First ftrs to exit York after six years in operation

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First’s York ftrs will be withdrawn from the city in April and redeployed in First’s Northern region, yet to be announced

FirstGroup has confirmed Wright Gemini double deckers are to replace its ftr operation in York in Easter – the Bus Rapid Transit vehicles are to be refurbished and redeployed elsewhere in First’s northern region.

ftrs were introduced on route 4 between Acomb and the University of York in May 2006, replacing an hourly service of eight conventional 41-seater vehicles with 10 and 20 minute services. First gave its assurance the high-frequency service will continue without any timetable changes.

“Whilst this was a commercial decision taken by First, it is mindful of the aspirations of York’s council leaders to remove the ftr vehicles from York,” said the group. “The proposal has only just been finalised following an extensive internal review. Owing to the sensitivity of these discussions, particularly with staff, First has been unable to confirm before now its future plans for ftr in York.” First said at the present time, and for commercial reasons, it could not say where it intends to deploy the ftrs.

Speaking at a media event at the end of last month, Giles Fearnley, managing director of First Bus ,said the group is looking at a number of options best suited to the city or on other corridors (CBW1021). He said no decision had been made but commented it would be “sensible to keep the majority of ftrs in Yorkshire”.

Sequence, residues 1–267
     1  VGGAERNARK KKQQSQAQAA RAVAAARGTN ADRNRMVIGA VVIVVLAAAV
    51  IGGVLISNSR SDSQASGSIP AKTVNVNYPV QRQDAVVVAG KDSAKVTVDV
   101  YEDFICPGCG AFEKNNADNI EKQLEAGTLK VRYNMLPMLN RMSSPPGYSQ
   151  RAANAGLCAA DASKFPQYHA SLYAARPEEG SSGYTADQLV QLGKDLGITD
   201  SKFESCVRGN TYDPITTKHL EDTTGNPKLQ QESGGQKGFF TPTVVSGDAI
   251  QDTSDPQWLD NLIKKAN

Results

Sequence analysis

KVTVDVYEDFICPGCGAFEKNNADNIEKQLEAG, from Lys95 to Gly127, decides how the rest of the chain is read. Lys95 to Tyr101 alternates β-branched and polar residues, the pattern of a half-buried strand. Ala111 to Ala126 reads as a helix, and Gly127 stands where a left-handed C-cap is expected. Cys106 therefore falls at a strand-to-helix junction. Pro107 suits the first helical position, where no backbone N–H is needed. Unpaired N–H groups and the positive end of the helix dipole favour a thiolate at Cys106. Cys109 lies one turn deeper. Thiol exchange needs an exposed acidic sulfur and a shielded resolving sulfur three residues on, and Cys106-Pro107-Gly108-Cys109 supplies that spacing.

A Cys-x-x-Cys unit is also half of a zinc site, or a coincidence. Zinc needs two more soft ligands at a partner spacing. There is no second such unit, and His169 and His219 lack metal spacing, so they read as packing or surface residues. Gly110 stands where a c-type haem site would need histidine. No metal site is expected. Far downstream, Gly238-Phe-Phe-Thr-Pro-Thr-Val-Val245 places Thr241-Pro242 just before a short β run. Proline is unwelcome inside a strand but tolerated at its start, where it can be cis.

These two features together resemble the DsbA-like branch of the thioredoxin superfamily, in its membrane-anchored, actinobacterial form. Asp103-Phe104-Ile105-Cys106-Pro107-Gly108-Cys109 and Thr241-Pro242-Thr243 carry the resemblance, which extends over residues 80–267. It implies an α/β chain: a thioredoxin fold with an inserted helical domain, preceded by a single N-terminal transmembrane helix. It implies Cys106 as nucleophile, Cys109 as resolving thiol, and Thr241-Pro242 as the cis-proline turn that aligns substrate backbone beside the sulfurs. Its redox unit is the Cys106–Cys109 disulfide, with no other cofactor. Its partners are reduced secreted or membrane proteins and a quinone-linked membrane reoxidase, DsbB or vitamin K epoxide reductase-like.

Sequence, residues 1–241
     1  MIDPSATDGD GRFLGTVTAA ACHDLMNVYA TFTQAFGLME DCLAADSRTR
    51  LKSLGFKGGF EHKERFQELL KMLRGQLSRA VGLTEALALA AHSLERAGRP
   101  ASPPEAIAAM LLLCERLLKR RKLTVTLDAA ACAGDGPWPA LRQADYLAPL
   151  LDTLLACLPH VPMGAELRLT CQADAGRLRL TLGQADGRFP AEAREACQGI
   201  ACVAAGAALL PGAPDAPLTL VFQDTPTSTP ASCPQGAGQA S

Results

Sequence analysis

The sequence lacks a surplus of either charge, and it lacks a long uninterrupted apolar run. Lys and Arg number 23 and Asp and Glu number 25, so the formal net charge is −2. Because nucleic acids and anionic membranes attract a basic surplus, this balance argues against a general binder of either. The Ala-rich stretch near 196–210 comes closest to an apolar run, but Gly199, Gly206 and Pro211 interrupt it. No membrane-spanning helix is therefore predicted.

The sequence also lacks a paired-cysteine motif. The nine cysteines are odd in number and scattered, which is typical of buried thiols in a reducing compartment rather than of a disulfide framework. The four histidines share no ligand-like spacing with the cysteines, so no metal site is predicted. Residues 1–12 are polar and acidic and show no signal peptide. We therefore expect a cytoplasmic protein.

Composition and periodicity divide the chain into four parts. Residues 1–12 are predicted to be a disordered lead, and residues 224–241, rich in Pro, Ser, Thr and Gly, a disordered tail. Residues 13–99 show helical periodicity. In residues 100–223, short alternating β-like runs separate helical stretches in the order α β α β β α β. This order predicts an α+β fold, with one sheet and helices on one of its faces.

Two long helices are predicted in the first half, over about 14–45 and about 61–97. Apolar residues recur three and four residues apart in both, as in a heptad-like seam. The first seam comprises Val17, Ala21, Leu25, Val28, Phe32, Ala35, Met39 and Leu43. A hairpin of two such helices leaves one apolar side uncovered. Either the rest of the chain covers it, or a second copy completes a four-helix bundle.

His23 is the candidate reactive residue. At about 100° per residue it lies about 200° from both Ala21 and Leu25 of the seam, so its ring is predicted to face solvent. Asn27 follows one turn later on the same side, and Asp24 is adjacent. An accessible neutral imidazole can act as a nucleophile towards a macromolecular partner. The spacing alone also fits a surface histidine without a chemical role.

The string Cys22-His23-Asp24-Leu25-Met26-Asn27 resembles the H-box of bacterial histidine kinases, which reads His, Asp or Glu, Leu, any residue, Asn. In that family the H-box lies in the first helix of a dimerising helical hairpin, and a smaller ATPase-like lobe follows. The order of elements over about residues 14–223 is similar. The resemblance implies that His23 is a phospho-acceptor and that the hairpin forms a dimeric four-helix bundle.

The Labour-run York City Council had said it wanted the removal of ftrs from the city last year. Cllr Dave Merrett welcomed First’s announcement and said he looked forward to hearing proposals for its replacement, which would be “more suitable for and less damaging to York’s roads.” Explaining the decision, Dave Alexander, managing director for First in the North of England, said: “As part of our growth agenda we have been evaluating opportunities to utilise the ftr vehicles elsewhere in the region and are confident ftr will stimulate new public transport journeys on a route currently being developed outside of York. The removal of the ftr vehicles from York allows us to carry out refurbishment on them.

“The ftr has been an innovative public transport concept and has been successful at generating growth since its introduction five years ago. Its launch coincided with many infrastructure changes in York, the benefits of which will be felt by bus passengers for years to come.

Alexander concluded: “We will now introduce comfortable, modern double decker vehicles with lower carbon emissions. Also, and in partnership with City of York Council, we are continuing to evaluate a number of service developments, all of which are focused on increasing bus patronage in York.”

However, it has been reported Unite said 29 staff facing redundancy are not being offered a “fair deal”. According to BBC news, Unite said the decision would save First York more than £300,000 a year but it was only offering workers statutory redundancy terms.

A spokesman for First said: “We are currently in formal consultation with staff and the Trade Union over the removal of the ftrs in York. We cannot comment further at this stage.”